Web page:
You can’t really argue with Warren Buffett’s investing strategy. It looks like Exxon is a great stock to own for many of the reasons you stated above. I don’t think many college students realize how much time will affect their returns over the long term. I know I wish I had started 5 years ago while in college.

  4. says

    I’ve already got some holdings of BP, hoping for a recovery though since I’ve bought it’s mostly traded sideways. I’d have to look at whether this would be exposing myself too much to the oil industry if I were to invest here, but you make a compelling argument to at least take a look.

    • Jonathan says

      BP is a great oil company, too. I think you will be pleased with their long term performance, too. I do not think you can be overexposed to the oil industry based on the history of increasing dividends from the companies in the sector.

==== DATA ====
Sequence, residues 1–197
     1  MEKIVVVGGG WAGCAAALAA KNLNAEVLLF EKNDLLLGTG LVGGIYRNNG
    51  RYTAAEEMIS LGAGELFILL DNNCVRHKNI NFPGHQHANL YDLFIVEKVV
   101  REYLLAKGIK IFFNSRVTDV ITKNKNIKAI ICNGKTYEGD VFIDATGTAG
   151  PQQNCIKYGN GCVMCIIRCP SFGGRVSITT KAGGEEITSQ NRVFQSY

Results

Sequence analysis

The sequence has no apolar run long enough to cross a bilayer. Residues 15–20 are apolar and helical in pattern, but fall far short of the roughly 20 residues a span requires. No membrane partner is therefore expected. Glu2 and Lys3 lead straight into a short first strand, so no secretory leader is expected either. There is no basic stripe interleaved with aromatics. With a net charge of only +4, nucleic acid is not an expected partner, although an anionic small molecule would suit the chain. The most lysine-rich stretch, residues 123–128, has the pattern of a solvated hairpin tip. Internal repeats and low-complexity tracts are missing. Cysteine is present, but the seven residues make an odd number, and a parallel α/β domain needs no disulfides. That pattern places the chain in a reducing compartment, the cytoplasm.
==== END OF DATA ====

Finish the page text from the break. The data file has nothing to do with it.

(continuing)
5. says

    I do not invest directly in Exxon, however I benefit from my S & P 500 investment. When I retire, I will shift some of my investments to more income producing investments vs. growth.

  6. says

    Many great reasons to buy XOM, and also many of the same reasons why I like Visa (V) and will be adding a block of shares along with Nestle (NSRGY) after my next purchase of Coca-Cola (KO).

  7. says

    Hard to argue with Buffett and the Exxon thing looks like the real deal, but I have found him to be a bit similar to Kiyosiki in a few regards. Not as big hypocrite, but come on, he knows why he is saying some things and not others.

  8. says

    Exxon looks like a pretty good buy. I haven’t had an oil company in my portfolio since I sold BP when the Gulf oil spill happened. I think it is a good sector to own.